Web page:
As with walking into the Galleria Mall in Hermosillo for Movie Monday, Demo and I once again fell into each other's arms out of sheer joy. Food! Wine! English! Poor PJ could not relate. There is nothing she likes more than caramelos and carne asadas and coctiel de camarones. And speaking Spanish. We probably embarrassed the hell out of her with our giddyness.

Salads! Pinot Grigio! For lunch we ordered a beautiful salad with gorgonzola and other fancy food doodads, a pepperoni pizza, a burger. In August, Shelby's bottles of wine are half price. We had two.

The beauty of living simply is that the simple things - friends, food, wine - carry more beauty than we realize. Or appreciate. Go without Barilla farfale pasta for ten months and suddenly those bow tie pastas are the most treasured items in the world.

It ended up being a long day. It was after 8:00 when Demo boarded the shuttle for Phoenix. I went in search of a hotel, found a mid-range place with a very nice bartender and a very lovely pool.

Now I'm in Bisbee. I have friends here but this town is not my town. I'm already looking forward to being back in Kino. And figuring out how I can make my home - even part-time - in Santa Cruz County Arizona.

Monday, August 8, 2011

Maria and the Mariachis

I had a lot to do to get ready for my month-long stay in Bisbee. Not just packing clothes and computer but cleaning the porch and putting as much into the bodega as I could - grill, chairs, hammock, beading supplies - anything that would tempt a thief. Sunday morning the heat was stifling but I worked nonstop. My face was flaming red and occasionally I'd drench myself with water from the hose which fluctuated between hot and warm, never reaching the cool state. Around noon I walked over to say good-bye to PJ and that's when I ran into Maria. So much for best-laid plans. PJ decided to postpone her drive to Tucson for another day and I figured I could finish packing Monday morning.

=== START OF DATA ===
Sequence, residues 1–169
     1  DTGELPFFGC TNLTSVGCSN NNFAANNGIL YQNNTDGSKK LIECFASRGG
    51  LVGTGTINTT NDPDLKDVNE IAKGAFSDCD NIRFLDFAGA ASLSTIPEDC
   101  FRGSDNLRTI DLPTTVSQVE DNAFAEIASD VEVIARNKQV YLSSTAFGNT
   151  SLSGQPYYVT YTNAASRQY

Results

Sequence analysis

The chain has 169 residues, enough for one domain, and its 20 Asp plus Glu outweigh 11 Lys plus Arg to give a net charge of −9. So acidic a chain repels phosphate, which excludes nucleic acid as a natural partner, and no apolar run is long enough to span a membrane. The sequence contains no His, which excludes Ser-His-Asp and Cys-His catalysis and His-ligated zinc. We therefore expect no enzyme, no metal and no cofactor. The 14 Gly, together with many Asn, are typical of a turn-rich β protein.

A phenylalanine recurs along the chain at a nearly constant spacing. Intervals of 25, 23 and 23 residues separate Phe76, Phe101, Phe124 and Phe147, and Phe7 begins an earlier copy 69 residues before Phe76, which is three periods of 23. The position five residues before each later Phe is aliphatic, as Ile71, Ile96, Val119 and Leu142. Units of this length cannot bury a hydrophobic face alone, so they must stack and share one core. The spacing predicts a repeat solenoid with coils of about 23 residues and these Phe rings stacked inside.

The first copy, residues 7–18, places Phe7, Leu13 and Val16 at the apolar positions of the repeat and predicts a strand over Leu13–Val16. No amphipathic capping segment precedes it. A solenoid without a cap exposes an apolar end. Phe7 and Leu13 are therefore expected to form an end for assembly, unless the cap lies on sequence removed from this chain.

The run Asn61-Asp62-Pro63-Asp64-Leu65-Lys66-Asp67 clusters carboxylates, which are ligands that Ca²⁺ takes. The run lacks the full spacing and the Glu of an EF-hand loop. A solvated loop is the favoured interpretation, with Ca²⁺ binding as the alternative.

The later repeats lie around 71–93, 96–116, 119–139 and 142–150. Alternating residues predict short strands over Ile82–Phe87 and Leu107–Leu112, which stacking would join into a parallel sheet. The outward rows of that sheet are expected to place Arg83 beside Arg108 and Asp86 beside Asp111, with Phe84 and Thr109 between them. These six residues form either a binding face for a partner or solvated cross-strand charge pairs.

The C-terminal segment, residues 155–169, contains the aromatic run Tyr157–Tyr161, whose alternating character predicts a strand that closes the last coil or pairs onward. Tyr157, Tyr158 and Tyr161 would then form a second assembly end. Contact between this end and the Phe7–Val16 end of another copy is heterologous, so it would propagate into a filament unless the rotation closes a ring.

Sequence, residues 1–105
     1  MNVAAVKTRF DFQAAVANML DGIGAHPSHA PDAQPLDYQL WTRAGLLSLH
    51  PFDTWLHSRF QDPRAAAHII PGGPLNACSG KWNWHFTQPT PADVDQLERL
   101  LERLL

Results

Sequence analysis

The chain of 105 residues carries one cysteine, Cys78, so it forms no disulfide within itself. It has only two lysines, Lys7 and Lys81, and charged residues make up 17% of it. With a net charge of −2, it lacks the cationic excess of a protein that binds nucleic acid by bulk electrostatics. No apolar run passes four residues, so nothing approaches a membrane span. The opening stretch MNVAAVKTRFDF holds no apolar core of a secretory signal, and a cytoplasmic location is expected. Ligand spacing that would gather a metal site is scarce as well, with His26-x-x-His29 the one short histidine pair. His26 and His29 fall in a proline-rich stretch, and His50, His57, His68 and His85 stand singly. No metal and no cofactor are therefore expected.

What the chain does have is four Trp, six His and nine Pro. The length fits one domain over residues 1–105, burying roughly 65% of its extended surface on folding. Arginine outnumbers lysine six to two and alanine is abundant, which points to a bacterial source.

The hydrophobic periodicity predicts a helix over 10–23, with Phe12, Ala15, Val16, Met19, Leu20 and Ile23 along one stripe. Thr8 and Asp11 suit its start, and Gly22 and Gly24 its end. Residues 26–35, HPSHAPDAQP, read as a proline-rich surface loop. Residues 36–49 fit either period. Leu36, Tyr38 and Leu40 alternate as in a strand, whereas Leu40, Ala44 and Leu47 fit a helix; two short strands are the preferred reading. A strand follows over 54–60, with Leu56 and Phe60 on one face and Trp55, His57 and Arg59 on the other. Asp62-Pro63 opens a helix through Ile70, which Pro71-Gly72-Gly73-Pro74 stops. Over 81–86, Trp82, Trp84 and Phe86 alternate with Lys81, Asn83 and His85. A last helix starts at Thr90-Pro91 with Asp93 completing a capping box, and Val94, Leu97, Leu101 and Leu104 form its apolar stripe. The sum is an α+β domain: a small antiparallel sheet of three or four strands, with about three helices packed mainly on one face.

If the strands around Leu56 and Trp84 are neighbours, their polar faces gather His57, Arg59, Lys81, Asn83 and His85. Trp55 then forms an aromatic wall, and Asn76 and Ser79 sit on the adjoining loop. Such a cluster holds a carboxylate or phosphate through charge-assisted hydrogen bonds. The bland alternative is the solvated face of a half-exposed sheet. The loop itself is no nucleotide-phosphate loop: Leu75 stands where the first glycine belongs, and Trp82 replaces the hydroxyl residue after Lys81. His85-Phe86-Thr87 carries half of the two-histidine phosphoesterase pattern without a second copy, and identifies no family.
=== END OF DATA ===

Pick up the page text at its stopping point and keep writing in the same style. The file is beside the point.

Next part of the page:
Maria's whole family was partying and picnicking under the palapas - her sons and their wives and kids, her daughter, her husband, and Antonio who we thought was a son but who works for her and is like family. As PJ and I walked over to join the family we heard a drumming sound. When the palapa came into view, there they were: the mariachis from Hermosillo who play at restaurants along the beach in New Kino, hired by familia de Maria to play ten songs.

We were greeted by hugs from family and mariachis alike, handed nice cold Bud Lites. (Yes, Bud Lites.)